Alignment, Diagrams, and Expression

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I spent some time today exploring Pinterest because people have told me I should be using it. The cyberworld clearly knows who I am—I was barraged with images of skeletal alignment, fascia-busting devices (as if fascia was something dangerous), and muscles glowing red. I could barely take it. I lasted about five minutes before I had to walk away.

Now I’m left trying to understand why these images were troubling for me. These are the communications that have successfully engaged people about their bodies and given them some tools for understanding their experiences. Why does this challenge me?

I realize I was asking myself to identify with these images as something that I should want to participate in. I hesitate and tremble because these images feel so incomplete as an explanation for why we get ‘out’ of alignment, and how we might best respond to our predicaments. I’ve written in the past about the importance of remembering that we aren’t machines. We can try new stretches, exercises, and manipulations, and with any luck some of them will work to enliven us. What I find missing in these diagrams is this aliveness: When we bring attention to our bodies we are exploring who we are. My left pectoralis minor muscle tends to be tight in part because that’s how I protect myself from sadness. There’s a part of me that feels unlovable and unreachable there, and that I’ll never quite fit in. This part of me contracted when I started looking on Pinterest. I can stretch that puppy all day long, but if I’m not addressing the emotional pattern (it’s relaxing as I write this) nothing will change. This can be a bit confounding—how do we address these more abstract physio-emotional patterns?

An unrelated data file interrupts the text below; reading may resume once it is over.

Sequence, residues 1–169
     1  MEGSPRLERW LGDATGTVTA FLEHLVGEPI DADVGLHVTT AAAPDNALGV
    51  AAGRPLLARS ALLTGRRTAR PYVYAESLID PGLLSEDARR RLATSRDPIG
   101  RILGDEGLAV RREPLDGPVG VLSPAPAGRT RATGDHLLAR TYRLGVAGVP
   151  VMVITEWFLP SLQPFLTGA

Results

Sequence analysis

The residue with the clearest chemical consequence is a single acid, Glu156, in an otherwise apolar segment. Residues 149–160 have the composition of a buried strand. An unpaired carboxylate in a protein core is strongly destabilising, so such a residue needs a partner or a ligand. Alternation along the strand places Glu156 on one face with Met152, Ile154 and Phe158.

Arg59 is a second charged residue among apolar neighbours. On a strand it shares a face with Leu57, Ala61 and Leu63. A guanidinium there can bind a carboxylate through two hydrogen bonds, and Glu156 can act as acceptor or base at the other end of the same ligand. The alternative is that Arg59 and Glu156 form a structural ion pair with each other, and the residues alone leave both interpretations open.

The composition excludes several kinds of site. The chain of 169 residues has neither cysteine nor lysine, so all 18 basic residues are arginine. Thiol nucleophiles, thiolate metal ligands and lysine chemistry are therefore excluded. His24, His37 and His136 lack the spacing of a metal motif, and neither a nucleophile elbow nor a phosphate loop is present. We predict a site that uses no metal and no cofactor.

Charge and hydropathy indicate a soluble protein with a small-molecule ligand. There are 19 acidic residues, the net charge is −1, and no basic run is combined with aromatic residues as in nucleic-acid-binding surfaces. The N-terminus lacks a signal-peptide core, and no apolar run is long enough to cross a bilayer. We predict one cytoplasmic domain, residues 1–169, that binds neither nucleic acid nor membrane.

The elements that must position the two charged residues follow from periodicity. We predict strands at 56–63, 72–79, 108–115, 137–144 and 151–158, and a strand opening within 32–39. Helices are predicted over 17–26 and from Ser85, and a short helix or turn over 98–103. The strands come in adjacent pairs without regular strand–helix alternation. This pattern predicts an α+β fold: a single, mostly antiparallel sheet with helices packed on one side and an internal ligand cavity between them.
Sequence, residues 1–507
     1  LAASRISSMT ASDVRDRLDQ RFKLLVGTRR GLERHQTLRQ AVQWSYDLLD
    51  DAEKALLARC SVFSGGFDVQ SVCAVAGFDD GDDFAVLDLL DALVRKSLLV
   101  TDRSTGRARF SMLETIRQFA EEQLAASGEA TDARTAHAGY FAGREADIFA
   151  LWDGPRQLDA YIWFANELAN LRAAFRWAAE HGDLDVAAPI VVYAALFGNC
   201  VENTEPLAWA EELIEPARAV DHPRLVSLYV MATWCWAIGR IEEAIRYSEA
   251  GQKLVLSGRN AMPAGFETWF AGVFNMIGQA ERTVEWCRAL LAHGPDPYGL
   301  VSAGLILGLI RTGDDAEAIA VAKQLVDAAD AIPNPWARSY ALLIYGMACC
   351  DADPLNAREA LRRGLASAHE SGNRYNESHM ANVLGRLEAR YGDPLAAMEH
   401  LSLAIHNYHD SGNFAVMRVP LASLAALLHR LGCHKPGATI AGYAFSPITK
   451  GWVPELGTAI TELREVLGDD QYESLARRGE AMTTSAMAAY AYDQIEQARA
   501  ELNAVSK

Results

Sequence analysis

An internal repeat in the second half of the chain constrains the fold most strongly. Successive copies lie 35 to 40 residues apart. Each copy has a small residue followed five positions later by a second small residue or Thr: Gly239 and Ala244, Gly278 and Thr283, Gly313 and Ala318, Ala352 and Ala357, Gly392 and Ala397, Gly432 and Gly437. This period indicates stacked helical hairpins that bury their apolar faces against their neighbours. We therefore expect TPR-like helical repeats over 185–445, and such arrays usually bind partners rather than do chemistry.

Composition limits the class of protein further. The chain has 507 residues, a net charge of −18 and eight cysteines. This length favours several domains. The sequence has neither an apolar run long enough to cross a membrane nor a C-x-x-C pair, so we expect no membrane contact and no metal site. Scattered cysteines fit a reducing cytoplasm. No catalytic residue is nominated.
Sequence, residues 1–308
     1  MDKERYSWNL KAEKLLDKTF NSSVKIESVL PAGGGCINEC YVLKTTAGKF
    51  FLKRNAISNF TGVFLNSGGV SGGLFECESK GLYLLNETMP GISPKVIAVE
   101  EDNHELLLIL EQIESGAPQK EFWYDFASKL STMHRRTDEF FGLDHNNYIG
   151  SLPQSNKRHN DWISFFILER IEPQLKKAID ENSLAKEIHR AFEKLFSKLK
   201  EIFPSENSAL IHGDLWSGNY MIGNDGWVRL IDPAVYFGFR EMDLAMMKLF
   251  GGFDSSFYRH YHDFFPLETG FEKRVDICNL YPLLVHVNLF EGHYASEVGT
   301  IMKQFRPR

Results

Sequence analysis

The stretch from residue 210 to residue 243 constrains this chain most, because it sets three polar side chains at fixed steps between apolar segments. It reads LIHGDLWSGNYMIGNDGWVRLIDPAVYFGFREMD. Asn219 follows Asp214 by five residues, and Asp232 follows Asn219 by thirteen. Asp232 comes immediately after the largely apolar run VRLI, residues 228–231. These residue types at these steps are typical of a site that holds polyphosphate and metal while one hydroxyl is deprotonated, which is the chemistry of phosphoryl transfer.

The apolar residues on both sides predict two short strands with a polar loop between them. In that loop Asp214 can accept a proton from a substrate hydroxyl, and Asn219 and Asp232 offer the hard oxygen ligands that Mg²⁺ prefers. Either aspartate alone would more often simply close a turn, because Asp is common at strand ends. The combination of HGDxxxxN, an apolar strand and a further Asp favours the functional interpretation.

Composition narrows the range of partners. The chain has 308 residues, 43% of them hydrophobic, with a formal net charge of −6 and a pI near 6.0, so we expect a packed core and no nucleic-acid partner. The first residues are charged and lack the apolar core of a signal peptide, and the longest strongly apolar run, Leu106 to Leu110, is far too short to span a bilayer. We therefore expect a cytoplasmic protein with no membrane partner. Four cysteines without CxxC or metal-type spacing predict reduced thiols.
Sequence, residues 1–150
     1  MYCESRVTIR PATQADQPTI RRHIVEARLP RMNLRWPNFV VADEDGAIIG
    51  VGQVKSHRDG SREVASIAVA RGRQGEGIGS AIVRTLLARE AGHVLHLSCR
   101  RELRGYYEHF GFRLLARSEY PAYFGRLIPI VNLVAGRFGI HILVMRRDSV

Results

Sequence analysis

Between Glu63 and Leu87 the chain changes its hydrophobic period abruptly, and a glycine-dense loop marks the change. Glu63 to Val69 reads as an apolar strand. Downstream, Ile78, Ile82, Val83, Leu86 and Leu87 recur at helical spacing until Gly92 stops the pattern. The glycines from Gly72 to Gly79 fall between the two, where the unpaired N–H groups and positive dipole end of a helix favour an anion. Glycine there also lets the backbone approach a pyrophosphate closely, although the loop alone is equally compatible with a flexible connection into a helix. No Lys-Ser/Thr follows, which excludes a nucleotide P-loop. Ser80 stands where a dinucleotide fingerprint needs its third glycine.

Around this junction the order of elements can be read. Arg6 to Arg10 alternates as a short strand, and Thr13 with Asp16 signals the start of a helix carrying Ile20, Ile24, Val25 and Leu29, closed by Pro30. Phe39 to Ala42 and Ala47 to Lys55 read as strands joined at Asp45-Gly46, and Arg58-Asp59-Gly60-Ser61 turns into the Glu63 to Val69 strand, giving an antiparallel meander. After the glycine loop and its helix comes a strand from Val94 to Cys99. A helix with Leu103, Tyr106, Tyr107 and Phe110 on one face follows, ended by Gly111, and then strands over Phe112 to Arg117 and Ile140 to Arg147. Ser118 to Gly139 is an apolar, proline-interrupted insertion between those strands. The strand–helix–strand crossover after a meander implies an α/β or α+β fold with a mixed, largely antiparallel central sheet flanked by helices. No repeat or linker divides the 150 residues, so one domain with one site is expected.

We can practice being more expressive in order to allow ourselves to change in due time. My tight pectoralis minor is a part of me, and he’s been doing his best to take care of other parts of me. I love him, and when I massage and stretch him I honor the protection he offers my heart. Sometimes I forget and curse him for making me so uncomfortable. At these times he grabs on tighter, perhaps protecting me from myself. I’m part of a men’s circle in which we tell our stories. We express to each other (and ourselves) what we’re experiencing in our lives. We don’t give advice unless it’s asked for. We aren’t there to fix or be fixed. I almost always leave feeling better than I did when I arrived. Participating in the health and movement of our bodies is a form of expression; charts of muscles, alignment, and connective tissue don’t show that.

The images that I most enjoyed on Pinterest were pictures of people experiencing emotions, of geometric figures that displayed flow, and of nature not mechanized. Don’t get me wrong—I love a good gadget—but I don’t want to be one. That’s why I’m a movement therapist. Connective tissue massage, pilates exercises, alignment evaluations and dances are all tools for being more alive and connected. As I start to build my pinterest board I’ll be seeking images that inspire these feelings. Stay tuned…

 

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